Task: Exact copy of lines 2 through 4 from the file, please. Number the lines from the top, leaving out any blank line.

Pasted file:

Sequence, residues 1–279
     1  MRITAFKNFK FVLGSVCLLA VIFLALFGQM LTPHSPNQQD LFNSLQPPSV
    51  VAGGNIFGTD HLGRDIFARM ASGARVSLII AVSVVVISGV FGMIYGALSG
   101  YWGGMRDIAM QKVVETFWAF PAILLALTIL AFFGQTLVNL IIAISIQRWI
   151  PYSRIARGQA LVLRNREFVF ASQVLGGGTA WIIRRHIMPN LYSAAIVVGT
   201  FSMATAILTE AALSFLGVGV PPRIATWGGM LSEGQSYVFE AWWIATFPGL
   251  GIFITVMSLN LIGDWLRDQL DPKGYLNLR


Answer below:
     1  MRITAFKNFK FVLGSVCLLA VIFLALFGQM LTPHSPNQQD LFNSLQPPSV
    51  VAGGNIFGTD HLGRDIFARM ASGARVSLII AVSVVVISGV FGMIYGALSG
   101  YWGGMRDIAM QKVVETFWAF PAILLALTIL AFFGQTLVNL IIAISIQRWI